Make food protection focused on customers
Currently, Daniels is President of the Development Division at the IEH, where he manages laboratory and consultancy facilities for the profitable market. Daniels previously served at Earthbound Farms as the Chief Food Integrity Officer, where he was responsible for food protection, food security, and coordinating their initiative for organic integrity.
Daniels' diverse experience in multiple manufacturing fields of food safety gives him a first-person perspective as he thinks about how businesses in their food safety systems should become more consumer-focused.
"Wearing masks is necessary. It matters about black lives. Our customers matter, "Daniels added," We need to calm down and concentrate more on human beings.
He began the presentation by reflecting on our prior year in the U.S. He clarified that as a country, the COVID-19 pandemic has forced us to concentrate on the individual. And to be socially more transparent.
The storeys I've heard were nothing short of amazing, "Daniels said, describing the lengths the industry went to keep workers safe, distance, face masks, face shields, plexiglass." The storeys I've heard were nothing short of spectacular. What has always fascinated him food safety and quality act the most about players in the food business, he said, is how fast they can respond to a crisis.
Food Safety Consulting Services
Currently, Will Daniels is President of the Products Division at IEH.
Daniels explained how we have been taught how critical leadership is by the COVID-19 crisis. "We need a strong message from the top." Since we did not respond well from the top, we did not respond well as a country. The danger has to be realised by everyone in your company. This is a shame and something we're not going to miss in our lives.
For Daniels, the most important thing is to sustain this momentum and turn it into a positive transition. What if we put the emphasis on food safety as well as we have on Covid-19? Are we going to have as much success? How do we persuade management that food safety is essential?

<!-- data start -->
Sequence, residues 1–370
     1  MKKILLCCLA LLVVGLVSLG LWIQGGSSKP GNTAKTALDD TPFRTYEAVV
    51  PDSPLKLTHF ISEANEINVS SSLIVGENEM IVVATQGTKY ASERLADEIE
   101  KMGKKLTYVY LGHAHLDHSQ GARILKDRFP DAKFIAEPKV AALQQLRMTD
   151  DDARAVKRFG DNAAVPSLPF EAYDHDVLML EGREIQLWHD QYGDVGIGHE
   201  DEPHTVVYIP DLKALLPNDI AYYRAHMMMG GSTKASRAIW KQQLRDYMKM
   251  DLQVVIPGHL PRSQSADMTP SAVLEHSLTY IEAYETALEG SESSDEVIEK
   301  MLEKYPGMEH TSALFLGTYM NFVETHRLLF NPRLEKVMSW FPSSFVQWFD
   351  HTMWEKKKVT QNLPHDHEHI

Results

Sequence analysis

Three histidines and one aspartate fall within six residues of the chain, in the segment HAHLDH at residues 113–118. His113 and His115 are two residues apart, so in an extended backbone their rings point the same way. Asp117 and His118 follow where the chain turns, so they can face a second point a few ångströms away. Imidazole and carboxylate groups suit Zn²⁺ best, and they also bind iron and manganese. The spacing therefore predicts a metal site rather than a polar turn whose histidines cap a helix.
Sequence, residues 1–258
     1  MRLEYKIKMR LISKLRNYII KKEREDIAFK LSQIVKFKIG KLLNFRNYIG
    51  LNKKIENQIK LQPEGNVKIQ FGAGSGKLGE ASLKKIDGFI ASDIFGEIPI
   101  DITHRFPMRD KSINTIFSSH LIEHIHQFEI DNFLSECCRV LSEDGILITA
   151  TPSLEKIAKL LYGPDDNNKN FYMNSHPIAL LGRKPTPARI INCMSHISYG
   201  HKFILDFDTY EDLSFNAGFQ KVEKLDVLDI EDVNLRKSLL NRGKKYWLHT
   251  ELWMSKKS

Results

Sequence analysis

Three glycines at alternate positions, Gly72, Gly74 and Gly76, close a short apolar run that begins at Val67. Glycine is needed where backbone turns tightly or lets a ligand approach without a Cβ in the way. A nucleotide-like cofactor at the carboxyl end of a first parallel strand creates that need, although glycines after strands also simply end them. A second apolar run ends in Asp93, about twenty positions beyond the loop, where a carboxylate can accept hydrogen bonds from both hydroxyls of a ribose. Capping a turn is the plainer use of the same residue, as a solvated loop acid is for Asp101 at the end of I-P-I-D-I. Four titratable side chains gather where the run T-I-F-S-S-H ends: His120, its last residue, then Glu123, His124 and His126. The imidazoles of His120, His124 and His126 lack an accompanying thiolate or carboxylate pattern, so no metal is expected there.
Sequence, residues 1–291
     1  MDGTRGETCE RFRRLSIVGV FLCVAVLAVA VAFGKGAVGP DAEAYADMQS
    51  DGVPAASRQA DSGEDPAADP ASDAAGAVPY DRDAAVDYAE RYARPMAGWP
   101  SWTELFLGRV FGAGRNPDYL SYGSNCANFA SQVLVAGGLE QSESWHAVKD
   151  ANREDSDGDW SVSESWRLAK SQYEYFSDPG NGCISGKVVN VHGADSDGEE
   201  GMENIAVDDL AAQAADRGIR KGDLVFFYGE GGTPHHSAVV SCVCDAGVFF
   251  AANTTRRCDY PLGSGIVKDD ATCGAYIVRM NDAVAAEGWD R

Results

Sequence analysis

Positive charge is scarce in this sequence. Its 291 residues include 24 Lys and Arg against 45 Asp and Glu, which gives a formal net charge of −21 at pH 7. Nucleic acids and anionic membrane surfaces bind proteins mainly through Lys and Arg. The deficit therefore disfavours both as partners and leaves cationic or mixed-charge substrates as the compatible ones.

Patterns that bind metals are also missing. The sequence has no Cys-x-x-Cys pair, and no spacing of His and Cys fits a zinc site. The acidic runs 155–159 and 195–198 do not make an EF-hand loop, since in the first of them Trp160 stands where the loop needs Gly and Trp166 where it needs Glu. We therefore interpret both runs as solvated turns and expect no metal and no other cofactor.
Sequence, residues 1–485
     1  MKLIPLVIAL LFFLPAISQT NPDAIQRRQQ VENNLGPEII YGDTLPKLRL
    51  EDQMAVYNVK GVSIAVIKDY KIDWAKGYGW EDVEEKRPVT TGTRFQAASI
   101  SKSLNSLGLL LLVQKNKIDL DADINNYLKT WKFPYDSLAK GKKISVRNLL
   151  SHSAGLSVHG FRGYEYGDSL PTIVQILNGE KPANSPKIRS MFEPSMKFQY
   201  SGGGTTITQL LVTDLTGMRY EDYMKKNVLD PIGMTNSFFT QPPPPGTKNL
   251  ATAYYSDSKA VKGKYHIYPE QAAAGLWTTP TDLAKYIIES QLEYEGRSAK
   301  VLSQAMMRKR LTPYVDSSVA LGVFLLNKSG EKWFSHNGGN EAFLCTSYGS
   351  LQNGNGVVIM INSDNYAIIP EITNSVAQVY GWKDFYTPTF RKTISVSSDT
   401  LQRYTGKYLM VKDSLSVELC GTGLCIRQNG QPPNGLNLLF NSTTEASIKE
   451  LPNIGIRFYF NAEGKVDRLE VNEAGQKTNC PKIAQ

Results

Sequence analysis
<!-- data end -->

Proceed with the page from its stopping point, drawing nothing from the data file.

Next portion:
While there is a low risk of serious food poisoning occurring, Daniels explained that this does not mean it will not occur.
You feed kids, mothers, husbands, daughters and the list goes on if you are in the food industry. Daniels said he regretted not being enough focused on customers. He claims that we wouldn't have the same numbers of recalls and outbreaks if the industry were more focused on customers. Icon of food safety Dave Theno, who became Jack 's head of food safety in the Box soon after the 1992-1993 epidemic, used a portrait of Lauren, a little girl who died after the outbreak, to cart around.
When faced with a food safety issue, he would always take out Lauren 's photo. Daniels clarified that he still has a screenshot.
It's from a 2-year-old child with his smoothie who died from infected spinach. Kyle was the boy's name. At the time of the 2006 spinach E, Daniels was part of the food safety initiative which was in charge. An outbreak of coli that killed Kyle. He claims he's only been able to talk about this lately. "The idea of losing all of my relatives, losing a kid had to be the hardest thing.
My daughter enjoys raw veggies and fruits. And I think of my daughter as I wash these things. And the pathogens won't be eliminated by rinsing them. I still have any entity in the supply chain to rely on. It's an unsettling idea. Why would we want to make food that makes others ill, perhaps?
Daniels clarified how, in order to please corporate clients and not consumers, the psyche of the food industry has shifted.
Consumers are also heading farther and farther further. At this point , the customer has been the furthest thing from the process, Daniels said, but he also said he feels the pendulum has begun to swing the other direction. The Food Network leads us back to food.
"To teach us the human side of cooking." Daniels appreciates how the food industry and even the kitchen are brought to life by society. There are all-round markets for farmers, multicultural products, and supermarkets. "Everyday, customers are getting more sophisticated. They are learning new experiences. If the rules are not adequate, how can we persuade them?
Placed people in front of the team for food protection.
That's the thing we need. The organisation decides the amount of danger they are able to take. When it's somebody special to you, it becomes real. In our efforts to "flatten the curve," Daniel sees it as close to this year. "The cost of a human life should be deemed invaluable," as Gov. Cuomo of New York said.
Daniels says that showing our leaders that foodborne disease is a nasty thing is vital.
And we ought to share the experiences of those who have been harmed.